Magazine article The American Prospect

Back to Brinksmanship: How India and Pakistan Arrived at a Nuclear Standoff

Magazine article The American Prospect

Back to Brinksmanship: How India and Pakistan Arrived at a Nuclear Standoff

Article excerpt

INDIA AND PAKISTAN STAND ONCE AGAIN ON THE BRINK of war. The moment is a precarious one and the stakes are high, not just for the region but potentially for the world. The United States has burgeoning interests in the subcontinent since the war in Afghanistan, and renewed Indo-Pakistani conflict could divert needed resources from the effort to stamp out terrorism. Incautious statements from both Indian and Pakistani leaders have also raised fears that a nuclear exchange may be in the offing. The consequences would be far-reaching and devastating. Nonetheless, only three years after their last confrontation prompted frantic U.S. diplomatic overtures and direct personal intervention by President Bill Clinton, these two nuclear-armed adversaries have, since the beginning of this year, been staring each other down across their shared border.

The trigger for the current crisis was an incident last December, when operatives of two Pakistan-based insurgent groups attacked the Indian parliament. Security guards managed to keep the terrorists away from legislators, but in the shootout that followed, six Indians were killed along with the five attackers. Pakistan's president, General Pervez Musharraf, condemned the attack, but his principal military spokesman suggested that India had assaulted its own parliament in an effort to implicate Pakistan. Under intense pressure from India and the United States, Musharraf banned the two groups responsible for the attacks and promised to squelch the activities of other terrorists operating from inside Pakistan. He refused, however, to hand over 20 individuals whom the Indian government accuses of involvement in a range of terrorist activities on Indian soil. In the intervening months, it turns out, Musharraf has also failed to end his country's support for terrorism in Kashmir, even while he has supported the U.S. effort to root out al-Qaeda and Taliban fighters along his western border with Afghanistan.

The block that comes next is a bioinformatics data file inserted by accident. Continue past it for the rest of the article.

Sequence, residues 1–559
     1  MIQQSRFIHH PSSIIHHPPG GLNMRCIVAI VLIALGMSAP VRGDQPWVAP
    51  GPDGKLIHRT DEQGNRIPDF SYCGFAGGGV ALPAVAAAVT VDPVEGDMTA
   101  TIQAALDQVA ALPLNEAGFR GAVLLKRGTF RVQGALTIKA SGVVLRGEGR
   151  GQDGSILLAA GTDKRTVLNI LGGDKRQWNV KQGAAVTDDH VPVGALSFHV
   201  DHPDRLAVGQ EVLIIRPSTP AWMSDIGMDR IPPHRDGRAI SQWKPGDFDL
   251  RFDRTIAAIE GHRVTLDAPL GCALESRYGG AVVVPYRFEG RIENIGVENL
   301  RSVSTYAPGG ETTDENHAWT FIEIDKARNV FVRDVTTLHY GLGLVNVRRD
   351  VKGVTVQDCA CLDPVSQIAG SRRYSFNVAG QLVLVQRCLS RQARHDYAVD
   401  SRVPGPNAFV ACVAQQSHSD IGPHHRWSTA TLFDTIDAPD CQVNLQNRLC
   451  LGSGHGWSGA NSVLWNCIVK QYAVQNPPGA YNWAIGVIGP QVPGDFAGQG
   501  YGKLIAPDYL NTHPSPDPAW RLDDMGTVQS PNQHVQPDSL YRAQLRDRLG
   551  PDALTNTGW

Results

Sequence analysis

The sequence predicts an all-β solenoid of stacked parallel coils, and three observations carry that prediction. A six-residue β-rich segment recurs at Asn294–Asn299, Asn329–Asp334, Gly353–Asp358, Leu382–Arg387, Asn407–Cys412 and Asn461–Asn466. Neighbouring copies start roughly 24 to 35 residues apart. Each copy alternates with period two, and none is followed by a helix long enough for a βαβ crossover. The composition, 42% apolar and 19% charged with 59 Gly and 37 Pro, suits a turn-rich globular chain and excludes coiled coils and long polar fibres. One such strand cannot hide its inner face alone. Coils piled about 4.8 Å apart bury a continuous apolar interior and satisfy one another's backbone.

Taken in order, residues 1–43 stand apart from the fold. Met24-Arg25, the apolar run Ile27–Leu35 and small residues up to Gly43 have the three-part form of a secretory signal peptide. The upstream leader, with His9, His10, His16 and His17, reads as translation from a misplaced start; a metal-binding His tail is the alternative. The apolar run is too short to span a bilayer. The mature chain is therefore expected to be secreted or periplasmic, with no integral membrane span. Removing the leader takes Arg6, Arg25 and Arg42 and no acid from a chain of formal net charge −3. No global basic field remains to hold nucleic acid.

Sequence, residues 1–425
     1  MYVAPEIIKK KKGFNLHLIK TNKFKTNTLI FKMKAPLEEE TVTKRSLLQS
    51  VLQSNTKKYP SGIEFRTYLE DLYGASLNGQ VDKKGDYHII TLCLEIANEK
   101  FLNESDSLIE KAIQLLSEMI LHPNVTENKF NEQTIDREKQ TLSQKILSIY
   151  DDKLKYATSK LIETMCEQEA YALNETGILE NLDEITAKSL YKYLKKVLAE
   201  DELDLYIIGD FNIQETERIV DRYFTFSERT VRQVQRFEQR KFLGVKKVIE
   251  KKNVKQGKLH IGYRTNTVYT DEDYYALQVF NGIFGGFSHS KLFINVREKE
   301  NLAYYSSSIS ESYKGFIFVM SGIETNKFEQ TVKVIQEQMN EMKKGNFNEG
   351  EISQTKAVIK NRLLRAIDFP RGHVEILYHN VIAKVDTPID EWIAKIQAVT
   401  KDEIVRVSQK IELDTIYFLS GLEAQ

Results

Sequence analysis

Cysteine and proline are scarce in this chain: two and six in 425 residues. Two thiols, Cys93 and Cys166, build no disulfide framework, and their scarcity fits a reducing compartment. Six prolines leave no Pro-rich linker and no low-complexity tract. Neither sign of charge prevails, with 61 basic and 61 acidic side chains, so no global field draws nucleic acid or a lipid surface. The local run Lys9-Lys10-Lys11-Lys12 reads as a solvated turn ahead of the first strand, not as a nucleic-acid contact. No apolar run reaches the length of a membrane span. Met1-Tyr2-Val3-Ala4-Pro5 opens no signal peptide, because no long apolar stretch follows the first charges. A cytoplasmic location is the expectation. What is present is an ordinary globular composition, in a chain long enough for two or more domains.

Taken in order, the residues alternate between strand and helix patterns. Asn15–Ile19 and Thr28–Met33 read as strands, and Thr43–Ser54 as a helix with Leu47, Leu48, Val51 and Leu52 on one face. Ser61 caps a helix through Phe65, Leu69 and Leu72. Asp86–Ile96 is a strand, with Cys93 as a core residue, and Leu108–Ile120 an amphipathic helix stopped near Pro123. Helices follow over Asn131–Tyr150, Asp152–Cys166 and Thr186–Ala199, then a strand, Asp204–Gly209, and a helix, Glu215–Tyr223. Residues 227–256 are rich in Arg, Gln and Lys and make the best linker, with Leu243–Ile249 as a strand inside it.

Indeed, although he initially cracked down on several of Pakistan's militant Islamic organizations, Musharraf looked the other way when the groups' members resumed activities under new names. In response, India has adopted a strategy of coercive diplomacy, massing close to half a million troops along the India-Pakistan border and the so-called Line of Control that divides the disputed state of Jammu and Kashmir. India's leaders have made clear that for New Delhi to reverse the military buildup, the infiltration of terrorists from Pakistan into India must end.

Indo-Pakistani relations have a long and troubled history, of which the current crisis is merely the latest chapter. Since both independent states emerged from the detritus of the British empire in 1947, they have fought four wars (1947-48, 1965,1971, and 1999). Their most intractable conflict is the one over Kashmir, the mostly Muslim state whose Hindu ruler chose to join his lands to India in 1947. Pakistan contested that arrangement and invaded the territory, touching off the first Indo-Pakistani war. By the end, Pakistan controlled about one-third of Kashmir. The status of the state has remained unresolved ever since.

The Indo-Pakistani conflict lay mostly dormant for several decades. During the 1970s and 1980s, the Indian government sought to win the hearts and minds of the Kashmiris by investing in education, mass media, and social welfare. Yet at the same time, the authorities engaged in considerable political chicanery, as they attempted to prevent a secessionist elite from taking power through the electoral process. By 1989, these policies, combined with fundamental social changes within Indian-controlled Kashmir, had helped spark an ethno-religious insurgency in the fabled Kashmir Valley.

Pakistan's political and military leadership saw a vital opportunity in Kashmir's brimming reservoir of discontent with Indian misrule. Over the next several years, Pakistan's military intelligence organization, the Inter-Services Intelligence Agency, provided Kashmiri rebels with military training, logistical support, and physical sanctuaries. …

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